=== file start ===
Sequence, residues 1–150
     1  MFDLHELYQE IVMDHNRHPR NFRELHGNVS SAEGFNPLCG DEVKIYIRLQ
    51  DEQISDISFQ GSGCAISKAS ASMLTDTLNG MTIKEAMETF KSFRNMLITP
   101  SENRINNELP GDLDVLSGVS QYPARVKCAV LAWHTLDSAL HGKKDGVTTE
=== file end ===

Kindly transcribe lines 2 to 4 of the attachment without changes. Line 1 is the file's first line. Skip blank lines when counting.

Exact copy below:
     1  MFDLHELYQE IVMDHNRHPR NFRELHGNVS SAEGFNPLCG DEVKIYIRLQ
    51  DEQISDISFQ GSGCAISKAS ASMLTDTLNG MTIKEAMETF KSFRNMLITP
   101  SENRINNELP GDLDVLSGVS QYPARVKCAV LAWHTLDSAL HGKKDGVTTE